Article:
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> > Anyone recognize this Drunella?

The Specimen

Drunella tuberculata Mayfly DunDrunella tuberculata  Mayfly Dun View 14 PicturesI don't know for sure that this is Drunella tuberculata, but that's my best guess for now.

It certainly has a different look and much more robust body shape from Drunella lata duns I photographed a couple weeks earlier, so I doubt it's that species. Using distribution records to eliminate other choices narrows this down to Drunella tuberculata or Drunella walkeri.

Markings described for the abdominal sternites (
One sternite of this Isonychia bicolor mayfly spinner is highlighted in red.
One sternite of this Isonychia bicolor mayfly spinner is highlighted in red.
Sternite: The bottom (ventral) part of a single segment on an insect's abdomen.
)
of the male spinner of Drunella tuberculata are suspiciously similar to those on this female dun. Also, this dun is 9.5mm long (my ruler pic isn't very good, but I'm basing this on measuring the real thing). The size range given in the old Allen & Edmunds keys for walkeri females is 7-8mm, while tuberculata is 9-11mm. For these reasons I'm sticking it in tuberculata for now.

This is the only Drunella mayfly I saw all day. I scooped it off the water as it emerged at around 7pm from a big Catskill tailwater.
Collected June 1, 2007 from the West Branch of the Delaware River in New York
Added to Troutnut.com by on June 8, 2007

The Discussion

TroutnutJune 8th, 2007, 2:52 pm
Administrator
Bellevue, WA

Posts: 2456
I'm a bit puzzled about this one. See the specimen description for details. I know female duns are awful for identification, but this is the only one of its species I could find. Would any of you Ephemerellid experts (Konchu!!) care to take a guess?
Jason Neuswanger, Ph.D.
Troutnut and salmonid ecologist
GONZOJune 8th, 2007, 3:58 pm
Site Editor
"Bear Swamp," PA

Posts: 1681
Could be tuberculata, but distinguishing between that and walkeri is something I'll leave in Konchu's capable hands. However, I don't think that the size difference suggested by Allen and Edmunds is valid.
TroutnutJune 8th, 2007, 4:01 pm
Administrator
Bellevue, WA

Posts: 2456
I don't think that the size difference suggested by Allen and Edmunds is valid.


You're probably right. That's a pretty outdated paper. It's just the best hint I've got to go on for now.
Jason Neuswanger, Ph.D.
Troutnut and salmonid ecologist
GONZOJune 8th, 2007, 5:07 pm
Site Editor
"Bear Swamp," PA

Posts: 1681
I just reread Konchu's paper on the Drunella revisions, hoping to find something more definitive. It mostly helped to confirm that distinguishing between tuberculata, walkeri, and allegheniensis is very difficult due to variability. I suppose it's appropriate to rule out allegheniensis based on distribution. I also thought that the early hatch date might rule out walkeri, but apparently there can be wide discrepancies between different groups or cohorts even within the species. (And an evening Drunella emergence is something I've only witnessed on the Delaware.)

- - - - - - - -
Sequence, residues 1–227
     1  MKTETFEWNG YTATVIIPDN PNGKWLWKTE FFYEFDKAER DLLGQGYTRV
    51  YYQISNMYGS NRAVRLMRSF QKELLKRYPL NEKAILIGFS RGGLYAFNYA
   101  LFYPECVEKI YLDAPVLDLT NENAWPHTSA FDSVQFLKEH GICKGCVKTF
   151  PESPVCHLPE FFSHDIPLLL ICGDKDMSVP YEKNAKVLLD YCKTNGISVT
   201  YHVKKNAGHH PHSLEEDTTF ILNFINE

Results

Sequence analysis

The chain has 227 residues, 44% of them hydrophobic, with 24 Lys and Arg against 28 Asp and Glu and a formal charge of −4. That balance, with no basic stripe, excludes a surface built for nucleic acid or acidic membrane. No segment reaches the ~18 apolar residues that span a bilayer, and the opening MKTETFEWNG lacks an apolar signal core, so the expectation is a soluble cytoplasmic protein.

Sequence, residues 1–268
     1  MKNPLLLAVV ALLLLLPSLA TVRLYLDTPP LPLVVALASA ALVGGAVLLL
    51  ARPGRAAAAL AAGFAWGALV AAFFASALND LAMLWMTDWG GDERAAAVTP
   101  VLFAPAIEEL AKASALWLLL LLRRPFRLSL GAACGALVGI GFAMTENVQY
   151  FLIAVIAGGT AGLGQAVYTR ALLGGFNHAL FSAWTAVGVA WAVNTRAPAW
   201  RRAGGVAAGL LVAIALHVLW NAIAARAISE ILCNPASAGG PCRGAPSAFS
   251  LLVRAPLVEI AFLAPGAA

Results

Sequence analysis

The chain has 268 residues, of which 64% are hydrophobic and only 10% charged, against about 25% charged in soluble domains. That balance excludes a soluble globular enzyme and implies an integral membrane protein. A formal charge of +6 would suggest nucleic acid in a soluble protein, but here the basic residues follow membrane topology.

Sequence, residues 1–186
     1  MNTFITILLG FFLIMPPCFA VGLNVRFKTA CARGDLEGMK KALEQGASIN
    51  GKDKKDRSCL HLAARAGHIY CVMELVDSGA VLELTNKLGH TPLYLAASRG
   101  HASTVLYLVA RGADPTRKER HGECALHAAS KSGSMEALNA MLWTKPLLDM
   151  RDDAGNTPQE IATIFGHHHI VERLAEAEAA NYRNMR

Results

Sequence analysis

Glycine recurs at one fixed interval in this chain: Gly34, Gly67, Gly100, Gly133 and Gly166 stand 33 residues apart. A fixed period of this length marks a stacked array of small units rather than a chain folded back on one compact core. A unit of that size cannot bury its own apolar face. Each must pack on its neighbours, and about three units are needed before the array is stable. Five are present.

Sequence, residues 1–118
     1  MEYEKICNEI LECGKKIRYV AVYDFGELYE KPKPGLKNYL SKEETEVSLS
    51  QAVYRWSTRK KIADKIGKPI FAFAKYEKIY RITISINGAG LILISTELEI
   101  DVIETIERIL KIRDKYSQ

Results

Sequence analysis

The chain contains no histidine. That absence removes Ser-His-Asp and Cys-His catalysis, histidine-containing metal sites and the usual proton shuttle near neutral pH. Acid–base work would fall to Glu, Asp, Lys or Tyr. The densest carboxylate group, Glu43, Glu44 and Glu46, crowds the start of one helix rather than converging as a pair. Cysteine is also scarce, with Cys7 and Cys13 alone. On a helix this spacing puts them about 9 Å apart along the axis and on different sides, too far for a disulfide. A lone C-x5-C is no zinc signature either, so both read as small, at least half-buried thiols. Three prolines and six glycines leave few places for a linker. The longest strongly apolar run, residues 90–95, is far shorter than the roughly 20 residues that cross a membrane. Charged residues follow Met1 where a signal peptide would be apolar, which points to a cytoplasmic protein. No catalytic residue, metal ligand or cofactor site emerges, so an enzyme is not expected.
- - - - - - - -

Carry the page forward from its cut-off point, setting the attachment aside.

KonchuJune 9th, 2007, 6:03 am
Site Editor
Indiana

Posts: 493
Too early in the morning to put a species name on that specimen.

Walkeri/tuberculata are likely candidates. I'd lean towards walkeri, but I'd never put it in writing on a det label.
TroutnutJune 9th, 2007, 8:19 am
Administrator
Bellevue, WA

Posts: 2456
What do you guys think of the protrusion below the right eye on the second picture down? That's an interesting feature in a dun.
Jason Neuswanger, Ph.D.
Troutnut and salmonid ecologist
GONZOJune 9th, 2007, 8:27 am
Site Editor
"Bear Swamp," PA

Posts: 1681
It appears to have lost its righthand antenna, so I took that protrusion to be the healed remains. Perhaps the damage occurred in an earlier larval stage.
TaxonJune 9th, 2007, 9:32 am
Site Editor
Plano, TX

Posts: 1282
Anyone know on which lifestage(s) and anatomic location(s) the tubercle(s) (for which this species in named) appear(s)? Once Jason got me looking closely at the second photo, I couldn't help but wonder about that interesting midline nodule on top of the head, or perhaps the pronotum.
Roger Rohrbeck
www.FlyfishingEntomology.com
GONZOSeptember 21st, 2009, 2:53 pm
Site Editor
"Bear Swamp," PA

Posts: 1681
Konchu's mention of D. tuberculata in the Smokies led me back to this old thread and Roger's question about the etymology of the name. Anna Haven Morgan originally described the species from a nymph found in the upper part of Fall Creek near Ithaca, NY. Although she didn't explain the etymology, she did refer to "two large erect tubercles on the occiput" of the head, and she also illustrates these in her paper.

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